Roadway renewable energy enthusiasts might be interested in seeing some of these demonstrations, referred to by the Federal Highway Administration as “Alternate Uses of Highway Right-of-Way (ROW).”
Although some may believe renewable energy test are a new thing, rest assured, they are not at all, writes the Federal Highway Administration (FHWA), stating, “Renewable energy has been used in roadway applications for at least 60 years.”
Evidence of using renewable energy solutions for ROW problems can be traced back to Klamath Falls, Oregon. In 1948, where a geothermal deicing mechanism was used on a bridge design near a steep grade, and in Colorado, where a feasibility study was undertaken to determine the feasibility of geothermal highway sections. Here, results showed snow-cover duration was greatly reduced where heat pipes had been installed.
The FHWA reports site-specific geothermal ROW systems have site specific, have been installed in New Jersey, South Dakota, Wyoming, Virginia, Japan, Switzerland, and Argentina.
Successful results like these have raised the question of how renewable energy might be generated in a highway ROW.
“Currently, solar, wind, and biocrop growth/harvesting, or “bioenergy,” technologies offer the most immediate opportunities for generating renewable energy in the ROW,” states the FHWA, adding that other renewable energies can also be explored, including items like waste-to-energy conversion; hydrogen fuel generation via wind, solar, biomass, and waste resources. Add to this intriguing list of possible solutions technologies such as “energy harvesting via wave-, tidal-, and vibration-capturing technologies.”
Think about these tests in a positive light. Highway ROWs represent a tremendous potential resource of untapped energy, featuring a significant acreage position that is very scalable when large quantities of energy might be required.
According to the FHWA, several state DOTs, including Colorado, Massachusetts, Texas, Ohio and California (see report for specific details), are now conducting comprehensive statewide renewable energy feasibility studies to identify promising renewable energy technologies and best locations where such technologies might be implemented.
Of particular interest are solar energy studies that have been slated, using PV technology.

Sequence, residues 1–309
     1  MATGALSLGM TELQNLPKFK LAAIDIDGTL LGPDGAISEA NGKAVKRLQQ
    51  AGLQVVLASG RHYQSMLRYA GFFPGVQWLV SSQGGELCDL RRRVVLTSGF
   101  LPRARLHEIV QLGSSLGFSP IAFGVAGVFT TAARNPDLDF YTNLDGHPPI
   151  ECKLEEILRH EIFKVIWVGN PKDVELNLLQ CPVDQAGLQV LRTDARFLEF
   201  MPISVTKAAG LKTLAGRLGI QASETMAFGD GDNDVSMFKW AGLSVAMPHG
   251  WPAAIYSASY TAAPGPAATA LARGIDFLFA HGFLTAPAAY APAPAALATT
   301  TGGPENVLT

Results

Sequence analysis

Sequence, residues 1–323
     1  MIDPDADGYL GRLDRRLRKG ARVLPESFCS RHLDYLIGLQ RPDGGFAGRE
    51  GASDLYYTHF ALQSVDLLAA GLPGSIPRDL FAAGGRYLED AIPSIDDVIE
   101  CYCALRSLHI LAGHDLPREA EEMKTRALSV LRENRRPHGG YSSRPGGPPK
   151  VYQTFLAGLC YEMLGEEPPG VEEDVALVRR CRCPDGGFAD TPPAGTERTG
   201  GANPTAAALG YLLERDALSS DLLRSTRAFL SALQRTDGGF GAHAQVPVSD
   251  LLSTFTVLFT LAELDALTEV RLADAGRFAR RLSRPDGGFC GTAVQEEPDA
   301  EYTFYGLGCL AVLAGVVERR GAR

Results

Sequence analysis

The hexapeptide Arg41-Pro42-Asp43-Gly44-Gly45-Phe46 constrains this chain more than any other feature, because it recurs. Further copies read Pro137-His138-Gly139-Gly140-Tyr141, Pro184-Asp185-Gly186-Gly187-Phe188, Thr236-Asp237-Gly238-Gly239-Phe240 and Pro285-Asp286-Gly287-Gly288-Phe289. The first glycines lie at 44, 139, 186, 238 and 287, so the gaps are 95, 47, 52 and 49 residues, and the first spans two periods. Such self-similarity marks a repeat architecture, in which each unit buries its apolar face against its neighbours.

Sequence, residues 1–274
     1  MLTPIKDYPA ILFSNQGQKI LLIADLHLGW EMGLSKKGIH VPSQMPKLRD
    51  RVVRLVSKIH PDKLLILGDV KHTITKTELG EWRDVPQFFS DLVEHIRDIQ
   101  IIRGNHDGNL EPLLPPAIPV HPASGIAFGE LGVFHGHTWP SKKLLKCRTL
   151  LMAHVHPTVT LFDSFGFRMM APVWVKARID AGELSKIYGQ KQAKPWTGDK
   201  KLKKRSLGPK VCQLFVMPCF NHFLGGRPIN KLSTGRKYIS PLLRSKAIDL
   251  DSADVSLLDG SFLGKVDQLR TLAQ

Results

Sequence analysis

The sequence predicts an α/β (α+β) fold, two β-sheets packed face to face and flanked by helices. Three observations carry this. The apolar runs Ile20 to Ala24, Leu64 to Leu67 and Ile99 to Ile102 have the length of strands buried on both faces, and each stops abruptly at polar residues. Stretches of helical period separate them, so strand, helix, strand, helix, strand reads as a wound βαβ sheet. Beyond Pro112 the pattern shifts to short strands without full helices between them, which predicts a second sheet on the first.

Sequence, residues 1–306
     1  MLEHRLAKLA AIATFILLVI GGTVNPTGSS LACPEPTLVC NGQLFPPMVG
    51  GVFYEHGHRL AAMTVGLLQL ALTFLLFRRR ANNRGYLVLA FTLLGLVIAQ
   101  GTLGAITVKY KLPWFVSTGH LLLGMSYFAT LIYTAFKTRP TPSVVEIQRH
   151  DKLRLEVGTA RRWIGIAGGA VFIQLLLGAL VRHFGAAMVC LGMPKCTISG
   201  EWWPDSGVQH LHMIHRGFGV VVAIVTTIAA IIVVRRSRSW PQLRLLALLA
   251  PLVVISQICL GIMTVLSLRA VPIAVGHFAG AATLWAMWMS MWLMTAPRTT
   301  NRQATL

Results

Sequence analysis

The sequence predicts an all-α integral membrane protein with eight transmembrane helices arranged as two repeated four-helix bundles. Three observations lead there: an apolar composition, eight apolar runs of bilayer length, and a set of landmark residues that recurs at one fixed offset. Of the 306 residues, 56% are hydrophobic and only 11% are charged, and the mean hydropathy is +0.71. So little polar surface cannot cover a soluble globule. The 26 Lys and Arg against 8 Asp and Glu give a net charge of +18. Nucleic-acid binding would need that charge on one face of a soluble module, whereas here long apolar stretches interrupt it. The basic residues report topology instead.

The FHWA reports two types of PV systems are being used: traditional flat-plate PV systems and concentrating photovoltaic (CPV) systems.
Such testing is not limited to the United States. Solar cell applications alongside travel lanes, versus in the road itself, exist in both Europe and Canada. The United Kingdom (UK), Netherlands, Switzerland, Austria, France, and Germany have been installed various types of hybrid PV noise barriers.
Here at home, several state DOTs “are beginning to pursue similar projects encouraged by international activities, as well as directives to find ways to reduce statewide GHG emissions.”
This is very encouraging news.
Place Oregon in the lead for such projects. The first solar highway project in the US was developed here in 2008, “Oregon’s Solar Highway Demonstration Project.” The highway interchange – Interstate 5 and Interstate 205 – has since been designated as a “Corridor of the Future.”
This corridor consists of a 594-panel, 104-kWdc ground-mounted solar array system that has produced approximately 130,000 kWh annually since it first went online – roughly enough electricity to supply a third of the energy needed to illuminate the interchange in that area.
Generating energy on ROWs is not just the purview of the government. Solar Roadways, an Idaho-based company launched by Scott and Julie Brusaw, has generated a considerable interest, having received Importantly, it received two phases of funding from FHWA for research and development of a paving system that will conceivably pay for itself over its lifespan of the road system.
This modular system, using a tough glass surface, has been tested for traction, load testing, and impact resistance testing in civil engineering laboratories around the country, and exceeded all requirements. Finally, it can generate electricity and enough heat to keep the road surface ice-free. Engineer Scott Brusaw did not return calls to comment on the progress of his project.
We look forward to seeing the expansion of all these projects over the next decade.
Photo credits: via Solar Roadways, Solar Highway Demonstration Project Photo credit: Oregon DOT, EU PV noise barrier via photovoltaik.eu